There is a story. It is a story about a dark, intimidating, scary chasm. A dark, moldy, unkind gap that split and schismed cyclists in twain. On one side, there were cyclists devoted to wearing super tight clothing and riding weight-weenie crabon bikes across miles of asphalt. On the other, thrill-seekers who, only recently donning ridiculously tight clothing, prefer squishy bikes with bendy frames, riding through nature and kicking up dust and dirt, ofttimes wearing goggles.
This is the way cycling was after mountain bikes hit the market in the late 1970s and early 1980s. In this manner, through an eon-like continuum, vast and long, cycling would…well…continue. Until the gap was spanned. Made crossable by a whole new category of bicycle. The tale of the gravel bike is an epilogue to the storied past of cycling. That past where you decided what kind of cyclist you were and acquired the type of bicycle from the limited choices available.
I realize that my stream of consciousness seems to be going nowhere. But I promise, there is a point. That point is innovation.
Innovation, Dear Reader, is how marketing is made.
Or it could be the other way around. Whatever. Marketing as an impetus for creating new products sometimes leads to good results. We have smartphones, incompatible outerwear, and liquid soap even though we were adamant that we would never need to buy them. However, wider tires, on road bikes, it turns out, are both useful and really cool. Because gravel bikes are so awesome, we shall obediently squeeze asses into Lycra®, don some single-lens sunglasses and embrocate ourselves across road and valley on the latest and greatest that bicycle marketing has to offer.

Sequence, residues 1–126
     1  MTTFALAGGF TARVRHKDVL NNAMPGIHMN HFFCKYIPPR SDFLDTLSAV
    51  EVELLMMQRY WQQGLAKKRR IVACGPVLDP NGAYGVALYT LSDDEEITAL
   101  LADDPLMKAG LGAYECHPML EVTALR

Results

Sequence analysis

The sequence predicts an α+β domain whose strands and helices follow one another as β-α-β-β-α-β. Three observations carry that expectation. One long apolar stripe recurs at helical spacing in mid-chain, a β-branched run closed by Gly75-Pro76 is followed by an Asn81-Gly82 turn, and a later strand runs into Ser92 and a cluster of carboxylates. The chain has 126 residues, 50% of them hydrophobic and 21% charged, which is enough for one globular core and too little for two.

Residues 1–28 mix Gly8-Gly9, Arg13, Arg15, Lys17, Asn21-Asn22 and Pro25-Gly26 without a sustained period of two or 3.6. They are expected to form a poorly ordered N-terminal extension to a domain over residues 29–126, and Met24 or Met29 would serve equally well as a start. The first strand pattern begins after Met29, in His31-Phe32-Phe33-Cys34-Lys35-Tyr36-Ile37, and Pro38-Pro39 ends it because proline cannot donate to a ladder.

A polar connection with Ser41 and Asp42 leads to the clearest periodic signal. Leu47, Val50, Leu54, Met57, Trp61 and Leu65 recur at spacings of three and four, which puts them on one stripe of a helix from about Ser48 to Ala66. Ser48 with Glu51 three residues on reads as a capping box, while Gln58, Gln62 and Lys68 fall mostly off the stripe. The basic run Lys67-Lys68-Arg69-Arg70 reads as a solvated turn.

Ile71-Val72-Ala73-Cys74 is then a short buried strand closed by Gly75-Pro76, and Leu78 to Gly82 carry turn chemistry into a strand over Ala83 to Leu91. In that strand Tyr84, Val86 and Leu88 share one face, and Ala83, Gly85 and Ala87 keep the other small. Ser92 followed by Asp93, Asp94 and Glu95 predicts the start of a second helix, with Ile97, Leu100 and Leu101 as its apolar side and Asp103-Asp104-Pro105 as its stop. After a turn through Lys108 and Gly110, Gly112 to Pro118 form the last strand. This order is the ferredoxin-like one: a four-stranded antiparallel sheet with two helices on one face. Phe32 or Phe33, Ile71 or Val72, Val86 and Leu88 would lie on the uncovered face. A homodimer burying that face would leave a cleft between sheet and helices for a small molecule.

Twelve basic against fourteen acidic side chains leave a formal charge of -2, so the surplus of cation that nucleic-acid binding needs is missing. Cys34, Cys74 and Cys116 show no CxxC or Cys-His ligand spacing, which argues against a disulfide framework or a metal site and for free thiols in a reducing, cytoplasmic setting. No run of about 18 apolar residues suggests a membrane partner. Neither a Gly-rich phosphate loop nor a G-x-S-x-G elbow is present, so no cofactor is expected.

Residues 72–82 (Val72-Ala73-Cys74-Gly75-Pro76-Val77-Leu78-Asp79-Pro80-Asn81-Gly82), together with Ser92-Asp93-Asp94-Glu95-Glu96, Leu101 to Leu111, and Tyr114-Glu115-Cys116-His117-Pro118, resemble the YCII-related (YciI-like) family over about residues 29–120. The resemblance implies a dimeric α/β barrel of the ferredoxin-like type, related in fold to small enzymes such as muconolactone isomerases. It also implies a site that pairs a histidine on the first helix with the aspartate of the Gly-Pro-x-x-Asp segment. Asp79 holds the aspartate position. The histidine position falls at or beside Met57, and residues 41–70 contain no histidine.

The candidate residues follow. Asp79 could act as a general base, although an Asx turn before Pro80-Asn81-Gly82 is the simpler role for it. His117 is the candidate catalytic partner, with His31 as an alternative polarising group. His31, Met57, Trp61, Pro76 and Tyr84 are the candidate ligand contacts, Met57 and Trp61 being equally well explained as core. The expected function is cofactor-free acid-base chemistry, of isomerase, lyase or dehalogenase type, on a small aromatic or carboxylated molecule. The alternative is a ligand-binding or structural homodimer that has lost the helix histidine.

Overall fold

Is it, though? Is the gravel bike an innovation that the bicycle companies have created to sell us more bikes? As I sit here in the coffee shop, amongst people meeting their life coaches, wearing Patagonia, and staring at their smartphones, I am having a real Bobos in Paradise moment. Gravel bikes are not smartphones or liquid soap. It so happens, after doing a little research, that they evolved out of necessity. They did not just spring forth like Athena from the forehead of Zeus, leaving Hera to wonder what the hell just happened.
Nope. Negative. A new category of bicycle is something that no one company can just summon from the dark, stinking depths of corporate marketing departments. Quite the opposite. The modern gravel bike came from the same place mountain bikes and BMX bikes came from. They evolved into existence over the course of decades, splitting off one bike and taking geometries and components from others. They came from the wooly wild of dirt, asphalt, very small rocks, and the desire for roadies to ride away from traffic. As with mountain bikes, once people started racing them, the companies took notice.